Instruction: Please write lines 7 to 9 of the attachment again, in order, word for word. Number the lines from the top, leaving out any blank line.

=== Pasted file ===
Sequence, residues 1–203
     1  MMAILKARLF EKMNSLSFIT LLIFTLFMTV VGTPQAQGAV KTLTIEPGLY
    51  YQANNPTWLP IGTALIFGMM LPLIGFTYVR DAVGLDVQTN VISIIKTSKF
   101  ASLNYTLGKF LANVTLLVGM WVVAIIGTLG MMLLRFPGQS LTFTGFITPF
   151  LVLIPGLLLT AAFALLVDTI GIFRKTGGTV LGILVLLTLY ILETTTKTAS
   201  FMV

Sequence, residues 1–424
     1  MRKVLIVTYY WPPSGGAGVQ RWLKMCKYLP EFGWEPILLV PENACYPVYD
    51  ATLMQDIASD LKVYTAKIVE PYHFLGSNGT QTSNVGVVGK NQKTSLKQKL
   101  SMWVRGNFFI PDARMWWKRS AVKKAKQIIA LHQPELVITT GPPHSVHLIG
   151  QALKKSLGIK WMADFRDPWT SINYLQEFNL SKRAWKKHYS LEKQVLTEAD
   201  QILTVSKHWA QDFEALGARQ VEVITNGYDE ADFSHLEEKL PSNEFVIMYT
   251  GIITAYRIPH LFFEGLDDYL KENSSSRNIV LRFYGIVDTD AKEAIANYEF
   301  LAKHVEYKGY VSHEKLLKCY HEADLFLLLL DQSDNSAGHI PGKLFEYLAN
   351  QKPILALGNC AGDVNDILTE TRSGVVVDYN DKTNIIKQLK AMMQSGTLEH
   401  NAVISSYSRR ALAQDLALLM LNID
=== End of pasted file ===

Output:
Sequence, residues 1–424
     1  MRKVLIVTYY WPPSGGAGVQ RWLKMCKYLP EFGWEPILLV PENACYPVYD
    51  ATLMQDIASD LKVYTAKIVE PYHFLGSNGT QTSNVGVVGK NQKTSLKQKL